Study: No Symptoms of Herpes Does Not Mean No Risk to Others

Stockbyte/Thinkstock(SEATTLE) -- Genital herpes remains one of the most common sexually transmitted diseases.  Many people think they can only infect their sexual partners if they are showing symptoms, such as genital lesions. A new study finds that among those who test positive but have no clinical symptoms, the infection is still active and can be shedding in the genital tract, therefore posing a potentially increased risk of transmitting the infection to sexual partners. 

This was the first study to look over time at people that have HSV-2 infection but don't have a history of genital herpes.

Doctors Anna Wald and Christine Johnston from the University of Washington in Seattle and co-authors studied almost 500 people, some with recurring genital herpes with  symptoms and others testing positive for the HSV-2 antibody having no clinical signs of genital herpes. All were asked to swab the genital area for at least 30 days to assess how often the virus was active.

The study appears in a theme issue on infectious diseases and immunological disorders in this week's JAMA, Journal of the American Medical Association.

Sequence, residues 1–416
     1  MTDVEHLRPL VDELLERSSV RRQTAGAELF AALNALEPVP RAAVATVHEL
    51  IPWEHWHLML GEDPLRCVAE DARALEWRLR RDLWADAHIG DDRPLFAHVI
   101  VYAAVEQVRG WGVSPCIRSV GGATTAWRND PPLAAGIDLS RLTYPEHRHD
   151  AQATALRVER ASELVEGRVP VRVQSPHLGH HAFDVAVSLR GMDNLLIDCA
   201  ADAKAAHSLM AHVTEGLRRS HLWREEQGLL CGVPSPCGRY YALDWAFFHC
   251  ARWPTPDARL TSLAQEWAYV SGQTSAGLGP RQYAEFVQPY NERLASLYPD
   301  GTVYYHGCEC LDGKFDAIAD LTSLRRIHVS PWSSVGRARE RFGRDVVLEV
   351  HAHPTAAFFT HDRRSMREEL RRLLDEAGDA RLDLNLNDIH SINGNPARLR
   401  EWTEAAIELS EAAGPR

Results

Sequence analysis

Researchers also found people who had recurring genital herpes had the active virus on about 20 percent of days. 

Copyright 2011 ABC News Radio


Smartphone App Might Make Food Less Appetizing

Jupiterimages/Thinkstock(NEW YORK) -- Do you really need an app to tell you that certain foods are chock full of calories?

DailyBurn, a fitness social network, thinks you do.  That’s why the company has come up with the MealSnap smarthone app, which informs users of the calorie content of virtually everything they consume.

For instance, let’s say you’re staring at a slice of greasy, double-cheese pizza.  Just snap a photo of the meal in front of you and wait a couple of minutes while the MealSnap matches the picture with half-a-million food items in its data base.